I had a lovely, lovely Christmas with my folks. Hope yours was good too dear reader. Here’s a glimpse of the kind of delicious fare that was on offer chez Ma and Pa Hammerton in Suffolk… This was the Boxing Day feast.

There was of course, my mum’s legendary trifle!

Corinne Griffith’s recipe for “Edna’s Christmas Pudding” is now an annual tradition at our Christmas table. This is a GREAT Christmas Pudding that you can make on the very day rather than ages in advance. It is much lighter than a traditional Christmas pudding as it doesn’t have loads of sultanas and peel and whatnot. It’s a cherry and walnut steamed pudding and is utterly delicious. My dad always has two helpings.

do not know who Edna was….

I usually use these cherry preserves for this pudding,

but as I busted my knees up a couple of days before Christmas, I couldn’t get up the four flights of stairs to my flat to get it to take home. I was a right old peasy knees for a few days…

Luckily my parents’ corner shop is ALDI and dad nipped out and got some cherry preserves with brandy.

This isn’t the Aldi one, but this is the kind of thing…

The brandy in these gave the pudding extra OOMPH – it tasted just like we had poured brandy over the pud and set it on fire in the traditional manner, so I’ll definitely be using brandy infused cherry preserves from now on.

Here’s ye olde recipe. You could make this any time of the year really, but for me, it’s gotta be Christmas!

Edna’s Christmas Pudding

  • 3 eggs
  • ½ cup melted butter
  • 1 cup cherry preserves
  • 1 cup sugar
  • ½ cup English walnuts
  • 1 teaspoon bicarbonate of soda
  • 3 teaspoons sour cream
  • ¾ cup flour

Mix eggs, melted butter, cherry preserves, sugar and walnuts. Add soda to sour cream and sour cream to the preserve mixture. Lastly add flour. Steam in double boiler about 3 hours, stirring 2 or 3 times. Serve with whipped cream.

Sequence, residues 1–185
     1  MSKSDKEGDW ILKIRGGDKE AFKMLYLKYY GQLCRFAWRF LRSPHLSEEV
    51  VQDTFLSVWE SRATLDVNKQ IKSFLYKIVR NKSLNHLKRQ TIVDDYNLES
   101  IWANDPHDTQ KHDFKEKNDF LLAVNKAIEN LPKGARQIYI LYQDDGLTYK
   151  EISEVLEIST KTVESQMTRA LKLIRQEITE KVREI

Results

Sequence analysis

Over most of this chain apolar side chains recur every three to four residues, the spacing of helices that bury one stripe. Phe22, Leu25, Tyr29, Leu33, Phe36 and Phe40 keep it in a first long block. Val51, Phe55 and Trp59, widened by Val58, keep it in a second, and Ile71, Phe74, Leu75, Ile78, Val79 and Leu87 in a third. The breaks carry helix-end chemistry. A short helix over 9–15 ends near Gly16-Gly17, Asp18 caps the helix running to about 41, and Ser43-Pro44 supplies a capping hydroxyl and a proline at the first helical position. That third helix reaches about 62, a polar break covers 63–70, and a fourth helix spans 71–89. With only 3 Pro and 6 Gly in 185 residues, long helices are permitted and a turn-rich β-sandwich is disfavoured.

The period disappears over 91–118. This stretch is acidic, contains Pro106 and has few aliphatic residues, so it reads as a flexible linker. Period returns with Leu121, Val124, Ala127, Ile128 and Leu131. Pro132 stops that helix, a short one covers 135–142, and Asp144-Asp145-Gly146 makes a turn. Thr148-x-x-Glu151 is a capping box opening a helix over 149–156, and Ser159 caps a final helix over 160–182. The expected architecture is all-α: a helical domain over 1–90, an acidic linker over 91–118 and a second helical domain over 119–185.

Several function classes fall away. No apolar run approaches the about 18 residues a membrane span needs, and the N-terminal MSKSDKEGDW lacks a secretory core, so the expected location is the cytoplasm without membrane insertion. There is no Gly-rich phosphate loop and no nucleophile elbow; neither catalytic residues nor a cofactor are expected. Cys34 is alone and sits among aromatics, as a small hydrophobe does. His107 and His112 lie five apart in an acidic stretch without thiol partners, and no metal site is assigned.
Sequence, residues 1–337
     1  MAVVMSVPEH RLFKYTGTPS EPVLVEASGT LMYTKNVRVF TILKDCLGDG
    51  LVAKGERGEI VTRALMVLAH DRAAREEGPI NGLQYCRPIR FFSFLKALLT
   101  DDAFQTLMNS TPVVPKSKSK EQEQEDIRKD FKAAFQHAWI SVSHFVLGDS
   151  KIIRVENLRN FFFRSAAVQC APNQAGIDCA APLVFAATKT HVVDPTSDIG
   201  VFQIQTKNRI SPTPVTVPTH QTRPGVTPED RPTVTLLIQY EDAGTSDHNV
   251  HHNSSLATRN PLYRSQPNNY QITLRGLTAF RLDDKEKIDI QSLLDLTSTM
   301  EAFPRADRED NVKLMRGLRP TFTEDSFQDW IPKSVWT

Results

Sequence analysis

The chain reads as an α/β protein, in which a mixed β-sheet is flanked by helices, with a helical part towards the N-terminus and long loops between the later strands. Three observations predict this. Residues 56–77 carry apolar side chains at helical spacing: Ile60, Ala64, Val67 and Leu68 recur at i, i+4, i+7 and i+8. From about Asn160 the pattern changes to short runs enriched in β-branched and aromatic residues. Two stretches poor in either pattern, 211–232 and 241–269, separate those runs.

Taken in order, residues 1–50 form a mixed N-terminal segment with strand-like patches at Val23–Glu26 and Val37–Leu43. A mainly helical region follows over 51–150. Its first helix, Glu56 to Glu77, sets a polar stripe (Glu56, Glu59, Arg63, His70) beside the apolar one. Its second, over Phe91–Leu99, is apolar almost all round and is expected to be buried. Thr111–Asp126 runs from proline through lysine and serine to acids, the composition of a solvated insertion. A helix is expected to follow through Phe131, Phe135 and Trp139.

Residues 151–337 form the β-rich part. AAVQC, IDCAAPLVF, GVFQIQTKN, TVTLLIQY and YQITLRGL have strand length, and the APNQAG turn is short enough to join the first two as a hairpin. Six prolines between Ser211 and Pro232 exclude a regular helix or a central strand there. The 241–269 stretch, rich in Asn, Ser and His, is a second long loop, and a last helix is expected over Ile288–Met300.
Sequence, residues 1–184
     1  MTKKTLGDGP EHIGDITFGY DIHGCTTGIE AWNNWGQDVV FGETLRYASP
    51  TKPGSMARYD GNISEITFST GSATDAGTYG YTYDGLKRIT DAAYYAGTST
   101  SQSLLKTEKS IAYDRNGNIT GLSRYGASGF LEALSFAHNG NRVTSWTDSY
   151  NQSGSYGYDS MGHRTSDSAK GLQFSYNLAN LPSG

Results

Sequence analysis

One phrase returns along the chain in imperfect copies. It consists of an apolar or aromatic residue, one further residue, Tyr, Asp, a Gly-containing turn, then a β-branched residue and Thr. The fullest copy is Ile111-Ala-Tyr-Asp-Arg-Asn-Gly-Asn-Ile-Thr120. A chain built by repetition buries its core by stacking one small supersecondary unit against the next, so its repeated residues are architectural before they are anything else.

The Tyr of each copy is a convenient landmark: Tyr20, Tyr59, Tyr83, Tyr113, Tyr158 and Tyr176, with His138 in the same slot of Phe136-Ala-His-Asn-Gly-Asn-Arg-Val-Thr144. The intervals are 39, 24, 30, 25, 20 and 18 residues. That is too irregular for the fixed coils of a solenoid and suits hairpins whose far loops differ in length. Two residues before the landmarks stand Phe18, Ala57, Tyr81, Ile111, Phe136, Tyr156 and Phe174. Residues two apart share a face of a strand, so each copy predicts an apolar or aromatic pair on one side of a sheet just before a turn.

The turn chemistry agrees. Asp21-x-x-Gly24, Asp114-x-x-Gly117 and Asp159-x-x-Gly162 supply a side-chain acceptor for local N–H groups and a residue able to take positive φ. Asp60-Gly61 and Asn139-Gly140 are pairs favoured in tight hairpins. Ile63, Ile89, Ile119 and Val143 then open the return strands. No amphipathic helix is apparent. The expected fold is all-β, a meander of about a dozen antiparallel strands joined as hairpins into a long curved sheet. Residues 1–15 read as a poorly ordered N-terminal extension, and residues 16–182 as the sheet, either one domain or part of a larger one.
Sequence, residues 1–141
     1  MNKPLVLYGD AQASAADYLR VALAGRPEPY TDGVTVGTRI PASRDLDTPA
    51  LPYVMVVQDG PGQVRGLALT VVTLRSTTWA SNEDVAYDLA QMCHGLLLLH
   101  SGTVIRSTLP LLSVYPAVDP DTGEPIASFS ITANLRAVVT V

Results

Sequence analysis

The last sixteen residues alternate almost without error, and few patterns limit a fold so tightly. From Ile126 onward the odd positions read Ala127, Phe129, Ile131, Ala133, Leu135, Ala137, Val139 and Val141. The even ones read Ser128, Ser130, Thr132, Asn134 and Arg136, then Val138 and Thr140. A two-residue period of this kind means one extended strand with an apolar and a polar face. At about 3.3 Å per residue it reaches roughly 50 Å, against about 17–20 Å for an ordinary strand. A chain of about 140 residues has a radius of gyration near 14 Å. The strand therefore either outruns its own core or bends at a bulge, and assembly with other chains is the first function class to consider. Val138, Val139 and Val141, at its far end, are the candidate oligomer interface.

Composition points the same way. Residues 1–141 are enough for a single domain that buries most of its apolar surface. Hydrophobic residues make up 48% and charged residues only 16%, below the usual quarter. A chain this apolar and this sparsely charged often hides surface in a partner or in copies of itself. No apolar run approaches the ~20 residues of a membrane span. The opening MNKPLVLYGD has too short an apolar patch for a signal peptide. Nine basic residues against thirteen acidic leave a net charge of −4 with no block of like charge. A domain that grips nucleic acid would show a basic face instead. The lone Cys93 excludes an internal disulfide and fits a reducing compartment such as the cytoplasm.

I think Corinne got curling tongs for Christmas…

Note: I don’t stir the pudding, I just leave it to do its thing while I am drinking snowballs and eating my Christmas dinner.

I guess you could make this a day or two earlier and heat up in the steamer on the day. But I now love the little tradition of rustling it up on Christmas Day – as long as there is a spare ring on your hob to leave it steaming away for three hours it’s super quick to put together.

NOTE – after an enquiry from a blog reader about how exactly to cook this, here’s some extra information.

I make the pudding in what here in the UK is called a pudding basin. Here’s a rather nice one!

My mum has one that is Tupperware and has a lid, this is perfect for the purpose. You can use a ceramic pudding bowl and there is a brilliant article here that will tell you all you need to know about steaming puddings


and here’s a pic of my set up. The steamer belongs to my sister – it’s a big metal pot that has holes in the bottom with a tight fitting lid. Water goes in the saucepan underneath and I check it every once in a while to see that it hasn’t boiled away.

Now I have written all about steamed puddings I want one. I remember my mum used to make a steamed suet pudding with a kind of toffee flavoured sauce that I loved. I am going to ask her about that next time I am home…

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